#FYFfest fulfilled our needs with these 5 acts
Rae Sremmurd are rockstars; Kamaiyah’s your bestie; and K.Dot is proven gold.
This weekend’s two-day FYF Fest in Los Angeles was just one of the many music festivals going down this summer across the nation and with a genre-spanning lineup that included headliners Kendrick Lamar and LCD Soundsystem and early acts like Blood Orange and Boogie, it was hard to leave unsatisfied and these five performances (among many) are exactly what we needed:
Rae Sremmurd are rap’s rock stars. Unpredictable and infectious energy; uncooperative and cocky over catchy crossover beats; raw and ready to rage (and rave). “Start A Party” was less their opener than it was a promise. An inflatable shark bounced through the crowd long before the brother duo of Swae Lee and Slim Jxmmi ordered its concertgoers to throw whatever they had in their hands up in the air. If you got doused with an unidentifiable liquid, consider that a blessing. They certainly would. “No Flex Zone,” “Come Get Her,” “Up Donald Trump,” “Throw Some Mo,” and “Look Alive” got girls on top of shoulders and moshing alongside dudes in such a way that Rae could revel in. And there was no questioning their confidence considering the title of their closer and the song the crowd chanted most for: “Black Beatle.”
For some feel-good inspiration.
Neon lights, disco balls, and large tropical leaves decorated Kamaiyah’s set, a perfect backdrop to the laid-back nostalgic ‘90s flow of the West Coast queen. She was playfully brash on the taunting “Niggas” (_”He said that he wanna be my boyfriend / But he can’t tie me down / ‘Cause I don’t really wanna be his girlfriend / At least not right now”) and endearingly relatable before “How Does It Feel” when she told the crowd “I been broke all my life!” And when we all—the crowd demographic was uncategorical by the way and only further proved her viral reach—chanted “How does it feel to be rich?!,” it felt like we wished it for Kamaiyah as much as we did for ourselves.
For pure, unblinking fascination.
Grimes’ bodypack got entangled her shirt, she had no sampler or pedal, the volume got stuck, her big screen broke. And we knew all this because she kept us updated with refreshing transparency the entire time. (Even before performing the dubsteppy “Go,” she admitted to always forgetting the set list and prior to “World Princess Part II,” she willingly gave the disclaimer: “This is the hardest song to sing; sorry if I sound like shit.”) But back to the technical sound difficulties. Ever a consummate embodiment of “the show must go on,” she confirmed with someone off-stage “It’s fucked?” (yup.), confidently decided “Okay, I can just do it live; I know it by heart” and double-checked with the audience “Is this audible out there?” before blindly launching into tracks like “Flesh Without Blood” and “Venus Fly.” Backed by dancers who spun both ribbons and three-pronged swords, Grimes bounced between keyboards, guitar and percussion with ease (at one point, mindlessly twirling a drumstick while talking to the audience); moved stiffly, awkwardly and erratically like a robot in between lyrics; and wavered her vocal delivery between that of a K-pop star and a screamo bandleader for a set that would leave us all awestruck for its entirety.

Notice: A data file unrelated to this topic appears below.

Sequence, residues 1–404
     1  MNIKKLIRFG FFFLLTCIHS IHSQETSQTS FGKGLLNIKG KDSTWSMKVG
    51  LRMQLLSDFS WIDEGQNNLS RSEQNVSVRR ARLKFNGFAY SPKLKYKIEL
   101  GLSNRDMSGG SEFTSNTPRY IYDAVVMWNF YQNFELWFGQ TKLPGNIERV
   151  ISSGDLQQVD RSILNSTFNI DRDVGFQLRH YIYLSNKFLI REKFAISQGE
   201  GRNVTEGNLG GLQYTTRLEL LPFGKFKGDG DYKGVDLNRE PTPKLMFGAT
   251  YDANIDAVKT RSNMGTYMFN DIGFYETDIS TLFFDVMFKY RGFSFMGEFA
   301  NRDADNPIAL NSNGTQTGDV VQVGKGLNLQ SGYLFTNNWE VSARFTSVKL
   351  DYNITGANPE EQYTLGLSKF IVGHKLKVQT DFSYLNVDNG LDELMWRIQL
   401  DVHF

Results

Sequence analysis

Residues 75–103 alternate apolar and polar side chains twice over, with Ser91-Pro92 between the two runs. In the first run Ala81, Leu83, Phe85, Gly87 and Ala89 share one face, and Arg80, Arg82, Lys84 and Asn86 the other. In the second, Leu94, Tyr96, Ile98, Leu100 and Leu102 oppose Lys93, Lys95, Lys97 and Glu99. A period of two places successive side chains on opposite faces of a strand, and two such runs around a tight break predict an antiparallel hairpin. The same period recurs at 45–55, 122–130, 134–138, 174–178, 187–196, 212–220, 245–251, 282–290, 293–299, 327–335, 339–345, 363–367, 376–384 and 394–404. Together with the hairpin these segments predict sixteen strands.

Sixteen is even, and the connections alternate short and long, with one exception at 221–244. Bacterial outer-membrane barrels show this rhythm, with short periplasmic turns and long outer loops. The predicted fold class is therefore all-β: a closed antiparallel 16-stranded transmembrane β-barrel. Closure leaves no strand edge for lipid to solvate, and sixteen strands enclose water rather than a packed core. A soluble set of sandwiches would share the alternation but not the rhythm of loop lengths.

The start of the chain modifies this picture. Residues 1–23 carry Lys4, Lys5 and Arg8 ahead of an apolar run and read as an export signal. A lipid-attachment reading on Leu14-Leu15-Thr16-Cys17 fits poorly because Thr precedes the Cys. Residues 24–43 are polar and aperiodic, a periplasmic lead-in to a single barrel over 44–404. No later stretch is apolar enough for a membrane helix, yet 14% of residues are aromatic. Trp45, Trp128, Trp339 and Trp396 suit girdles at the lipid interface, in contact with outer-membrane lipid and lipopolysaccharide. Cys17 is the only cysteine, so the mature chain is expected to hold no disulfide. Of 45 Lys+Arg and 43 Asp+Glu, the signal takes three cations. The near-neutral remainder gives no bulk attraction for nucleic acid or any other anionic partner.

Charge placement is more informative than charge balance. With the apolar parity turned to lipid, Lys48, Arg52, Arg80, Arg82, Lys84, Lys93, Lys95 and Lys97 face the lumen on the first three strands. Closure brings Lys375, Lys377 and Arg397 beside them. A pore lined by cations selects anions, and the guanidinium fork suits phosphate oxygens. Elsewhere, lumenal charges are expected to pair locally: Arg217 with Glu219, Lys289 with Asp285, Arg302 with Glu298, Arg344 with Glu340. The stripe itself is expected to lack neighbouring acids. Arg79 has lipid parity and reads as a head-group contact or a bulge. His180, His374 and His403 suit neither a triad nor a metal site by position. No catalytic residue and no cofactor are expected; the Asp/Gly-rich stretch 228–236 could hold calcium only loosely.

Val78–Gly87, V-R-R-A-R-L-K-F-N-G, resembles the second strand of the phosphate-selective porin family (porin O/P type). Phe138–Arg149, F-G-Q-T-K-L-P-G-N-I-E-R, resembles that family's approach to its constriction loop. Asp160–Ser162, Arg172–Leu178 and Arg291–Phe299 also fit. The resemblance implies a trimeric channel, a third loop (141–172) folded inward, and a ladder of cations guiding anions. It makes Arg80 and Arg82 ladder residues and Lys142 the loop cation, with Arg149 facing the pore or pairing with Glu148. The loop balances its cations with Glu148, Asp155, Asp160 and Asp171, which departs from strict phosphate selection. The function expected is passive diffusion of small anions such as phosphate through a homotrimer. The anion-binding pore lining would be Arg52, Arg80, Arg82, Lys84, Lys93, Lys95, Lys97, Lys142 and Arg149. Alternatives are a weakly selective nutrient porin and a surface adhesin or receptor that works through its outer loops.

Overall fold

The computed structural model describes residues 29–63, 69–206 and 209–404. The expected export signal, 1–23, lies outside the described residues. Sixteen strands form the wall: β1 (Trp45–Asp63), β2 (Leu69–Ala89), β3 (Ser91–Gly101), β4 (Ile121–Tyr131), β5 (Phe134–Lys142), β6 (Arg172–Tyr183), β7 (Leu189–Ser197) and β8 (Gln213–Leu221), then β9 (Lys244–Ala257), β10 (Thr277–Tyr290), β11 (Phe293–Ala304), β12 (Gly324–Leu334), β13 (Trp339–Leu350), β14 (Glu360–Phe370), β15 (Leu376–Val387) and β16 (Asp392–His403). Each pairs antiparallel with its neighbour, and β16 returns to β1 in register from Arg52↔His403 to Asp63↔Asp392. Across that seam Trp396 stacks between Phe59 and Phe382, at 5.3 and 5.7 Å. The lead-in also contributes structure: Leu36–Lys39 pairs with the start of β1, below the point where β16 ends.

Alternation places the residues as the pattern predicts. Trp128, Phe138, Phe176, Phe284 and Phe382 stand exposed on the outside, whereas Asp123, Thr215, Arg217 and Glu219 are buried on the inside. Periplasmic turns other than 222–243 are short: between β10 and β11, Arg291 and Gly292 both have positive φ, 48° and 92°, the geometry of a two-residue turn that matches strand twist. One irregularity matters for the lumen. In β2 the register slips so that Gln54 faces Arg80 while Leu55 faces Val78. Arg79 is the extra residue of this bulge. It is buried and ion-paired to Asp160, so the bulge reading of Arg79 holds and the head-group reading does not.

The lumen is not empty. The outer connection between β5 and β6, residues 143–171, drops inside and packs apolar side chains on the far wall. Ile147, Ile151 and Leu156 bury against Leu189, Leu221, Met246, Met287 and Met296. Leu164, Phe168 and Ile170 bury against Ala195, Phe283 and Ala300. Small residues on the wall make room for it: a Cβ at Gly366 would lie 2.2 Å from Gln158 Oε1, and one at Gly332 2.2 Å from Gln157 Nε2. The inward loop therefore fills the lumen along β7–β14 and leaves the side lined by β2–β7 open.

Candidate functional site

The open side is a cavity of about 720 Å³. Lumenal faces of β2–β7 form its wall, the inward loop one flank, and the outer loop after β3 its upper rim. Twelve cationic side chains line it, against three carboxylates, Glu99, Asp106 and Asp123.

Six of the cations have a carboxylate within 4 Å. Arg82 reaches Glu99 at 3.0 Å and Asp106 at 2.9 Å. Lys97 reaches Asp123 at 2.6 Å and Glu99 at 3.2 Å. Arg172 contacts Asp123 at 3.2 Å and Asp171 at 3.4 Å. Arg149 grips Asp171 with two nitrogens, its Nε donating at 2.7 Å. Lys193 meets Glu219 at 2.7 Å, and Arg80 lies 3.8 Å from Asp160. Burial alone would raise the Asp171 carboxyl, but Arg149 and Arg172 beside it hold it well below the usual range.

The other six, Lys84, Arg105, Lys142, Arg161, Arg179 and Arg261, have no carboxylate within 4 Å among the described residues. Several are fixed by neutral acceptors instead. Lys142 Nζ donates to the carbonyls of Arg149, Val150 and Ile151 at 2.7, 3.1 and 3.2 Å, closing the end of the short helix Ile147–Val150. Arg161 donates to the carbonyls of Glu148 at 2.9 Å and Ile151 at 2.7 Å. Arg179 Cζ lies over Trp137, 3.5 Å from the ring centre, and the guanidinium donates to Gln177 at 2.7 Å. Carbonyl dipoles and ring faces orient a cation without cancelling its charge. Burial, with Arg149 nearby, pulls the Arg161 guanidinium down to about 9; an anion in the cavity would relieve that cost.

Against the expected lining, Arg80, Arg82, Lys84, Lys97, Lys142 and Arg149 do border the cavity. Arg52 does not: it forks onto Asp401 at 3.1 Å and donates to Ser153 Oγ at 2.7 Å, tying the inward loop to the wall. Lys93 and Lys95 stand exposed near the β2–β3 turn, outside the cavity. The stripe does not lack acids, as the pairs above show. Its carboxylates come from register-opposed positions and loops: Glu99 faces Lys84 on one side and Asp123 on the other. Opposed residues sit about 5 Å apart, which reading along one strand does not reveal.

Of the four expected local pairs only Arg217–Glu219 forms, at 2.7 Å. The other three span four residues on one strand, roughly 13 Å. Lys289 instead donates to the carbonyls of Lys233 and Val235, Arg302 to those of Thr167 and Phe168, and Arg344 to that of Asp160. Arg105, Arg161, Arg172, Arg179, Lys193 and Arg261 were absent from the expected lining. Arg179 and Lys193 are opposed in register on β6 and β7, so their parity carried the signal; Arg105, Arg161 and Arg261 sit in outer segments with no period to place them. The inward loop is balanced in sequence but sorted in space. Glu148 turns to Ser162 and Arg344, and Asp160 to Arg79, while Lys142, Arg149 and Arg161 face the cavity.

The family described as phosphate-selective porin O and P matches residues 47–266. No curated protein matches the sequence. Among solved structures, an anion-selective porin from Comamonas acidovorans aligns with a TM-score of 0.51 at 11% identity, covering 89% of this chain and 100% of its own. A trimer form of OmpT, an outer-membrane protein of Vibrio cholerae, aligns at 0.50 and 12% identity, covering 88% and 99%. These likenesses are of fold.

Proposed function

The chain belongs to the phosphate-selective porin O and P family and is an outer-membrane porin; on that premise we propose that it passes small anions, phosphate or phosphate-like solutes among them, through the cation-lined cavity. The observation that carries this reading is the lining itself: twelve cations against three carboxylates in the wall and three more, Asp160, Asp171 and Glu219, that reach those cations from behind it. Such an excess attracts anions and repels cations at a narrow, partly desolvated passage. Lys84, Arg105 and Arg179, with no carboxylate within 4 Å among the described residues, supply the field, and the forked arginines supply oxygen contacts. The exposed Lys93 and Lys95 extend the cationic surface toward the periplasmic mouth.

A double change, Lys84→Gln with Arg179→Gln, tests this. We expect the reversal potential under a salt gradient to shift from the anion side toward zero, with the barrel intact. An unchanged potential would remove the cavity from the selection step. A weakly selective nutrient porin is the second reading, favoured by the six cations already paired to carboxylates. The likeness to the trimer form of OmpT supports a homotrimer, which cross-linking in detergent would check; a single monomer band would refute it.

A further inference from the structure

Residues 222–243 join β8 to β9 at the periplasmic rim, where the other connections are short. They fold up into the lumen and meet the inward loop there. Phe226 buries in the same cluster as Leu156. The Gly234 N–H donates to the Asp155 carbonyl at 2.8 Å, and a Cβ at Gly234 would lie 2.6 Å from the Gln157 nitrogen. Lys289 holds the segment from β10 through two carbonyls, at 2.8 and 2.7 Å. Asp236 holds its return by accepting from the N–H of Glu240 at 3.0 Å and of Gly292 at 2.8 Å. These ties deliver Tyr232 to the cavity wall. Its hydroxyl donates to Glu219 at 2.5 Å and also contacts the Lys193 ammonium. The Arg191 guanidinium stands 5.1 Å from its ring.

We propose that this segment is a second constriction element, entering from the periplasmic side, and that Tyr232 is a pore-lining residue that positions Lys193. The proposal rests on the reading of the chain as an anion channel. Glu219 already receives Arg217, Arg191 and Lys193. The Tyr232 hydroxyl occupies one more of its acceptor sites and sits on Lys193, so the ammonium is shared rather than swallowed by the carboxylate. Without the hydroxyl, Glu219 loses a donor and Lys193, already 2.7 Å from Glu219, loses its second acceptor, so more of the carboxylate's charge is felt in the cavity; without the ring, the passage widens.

For staying woke.
A cardigan and khakis aren’t what we’re accustomed to associating with the kind of impassioned social commentary that Vince Staples makes in his music (nor is it what you’d rock in nearly 90-degree weather), but that’s what made him enthralling to watch. That and the large-screen visuals he chose to pair with each track: glowing lightning strikes for “Hands Up,” military-uniformed legs marching in unison for the ominous “War Ready,” vintage Madonna footage behind the staggering tongue-twister-like spiel he makes on “Prima Donna,” and apropo Ghost scenes for the dance bounce of “Ghost.” And when he asked the crowd to put their hands up for the policemen and -women “doing a stellar job across the world,” you questioned whether or not he was being serious or sarcastic until he launched into “Oh You Scared”: “Two kids and mo’ bills, food stamps and dope deals, hood life with no frills / But still they swear they feel you and never been close to near you / Once who preach ‘protect and serve’ the main ones trying to kill you.”
For the classics.
Footage of Ron Artest’s on-court brawls, NASA’s blast-offs, and Ronald and Nancy Reagan projected before the crowd during the eerie twisted synths of Kendrick Lamar’s “untitled 07 | levitate” and jazzy composition of “Institutionalized,” but still nothing got the crowd quite as hyphy as “Backseat Freestyle.” (There’s something to be said about “All my life I want money and power / Respect my mind or die from lead shower / I pray my dick get big as the Eiffel Tower / So I can fuck the world for seventy two hours” making a fan out of even Taylor Swift.) An unfortunate nod to Prince was made during “Swimming Pools (Drank)” and the request to make “some noise for ScHoolboy Q” after K.Dot performed his “Collard Greens” guest verse only made us realize how much we missed the surprise presence of the TDE member, but Isaiah Rashad made a cameo for “Free Lunch,” the two men bouncing and crouching in sync, and reminded us it’s now another affiliate’s turn to pop. Video of Monica Lewinsky and Pam Grier’s breasts (circa “Coffy”) served as the visual counterpart to “These Walls” and “untitled 2,” two things the crowd never seemed to tire of seeing, which was about as little as we got sick of repeatedly snarling “Ya bish…” on “Money Trees.” Which is to say never.
Relive Kanye West‘s headlining set at last year’s FYF Fest.